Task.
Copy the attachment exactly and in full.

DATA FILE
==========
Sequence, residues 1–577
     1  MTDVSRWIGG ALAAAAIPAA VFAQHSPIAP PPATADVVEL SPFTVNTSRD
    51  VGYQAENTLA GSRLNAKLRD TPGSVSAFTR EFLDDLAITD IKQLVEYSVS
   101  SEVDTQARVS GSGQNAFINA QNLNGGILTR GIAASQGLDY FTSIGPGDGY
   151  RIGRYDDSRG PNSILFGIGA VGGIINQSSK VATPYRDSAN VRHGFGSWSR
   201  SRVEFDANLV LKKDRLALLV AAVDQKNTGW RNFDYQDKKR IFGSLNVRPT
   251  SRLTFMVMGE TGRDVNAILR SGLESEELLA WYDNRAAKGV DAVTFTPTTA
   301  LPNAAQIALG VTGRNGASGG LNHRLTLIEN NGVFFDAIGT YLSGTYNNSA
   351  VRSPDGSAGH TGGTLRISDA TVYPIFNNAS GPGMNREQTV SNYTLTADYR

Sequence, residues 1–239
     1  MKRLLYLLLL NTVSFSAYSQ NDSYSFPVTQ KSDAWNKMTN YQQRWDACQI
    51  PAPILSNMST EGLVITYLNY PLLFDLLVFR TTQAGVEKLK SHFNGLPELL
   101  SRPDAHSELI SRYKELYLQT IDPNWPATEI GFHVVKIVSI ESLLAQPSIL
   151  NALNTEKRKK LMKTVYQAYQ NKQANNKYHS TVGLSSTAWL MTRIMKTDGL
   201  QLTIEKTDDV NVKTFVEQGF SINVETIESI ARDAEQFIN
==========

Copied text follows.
Sequence, residues 1–577
     1  MTDVSRWIGG ALAAAAIPAA VFAQHSPIAP PPATADVVEL SPFTVNTSRD
    51  VGYQAENTLA GSRLNAKLRD TPGSVSAFTR EFLDDLAITD IKQLVEYSVS
   101  SEVDTQARVS GSGQNAFINA QNLNGGILTR GIAASQGLDY FTSIGPGDGY
   151  RIGRYDDSRG PNSILFGIGA VGGIINQSSK VATPYRDSAN VRHGFGSWSR
   201  SRVEFDANLV LKKDRLALLV AAVDQKNTGW RNFDYQDKKR IFGSLNVRPT
   251  SRLTFMVMGE TGRDVNAILR SGLESEELLA WYDNRAAKGV DAVTFTPTTA
   301  LPNAAQIALG VTGRNGASGG LNHRLTLIEN NGVFFDAIGT YLSGTYNNSA
   351  VRSPDGSAGH TGGTLRISDA TVYPIFNNAS GPGMNREQTV SNYTLTADYR

Sequence, residues 1–239
     1  MKRLLYLLLL NTVSFSAYSQ NDSYSFPVTQ KSDAWNKMTN YQQRWDACQI
    51  PAPILSNMST EGLVITYLNY PLLFDLLVFR TTQAGVEKLK SHFNGLPELL
   101  SRPDAHSELI SRYKELYLQT IDPNWPATEI GFHVVKIVSI ESLLAQPSIL
   151  NALNTEKRKK LMKTVYQAYQ NKQANNKYHS TVGLSSTAWL MTRIMKTDGL
   201  QLTIEKTDDV NVKTFVEQGF SINVETIESI ARDAEQFIN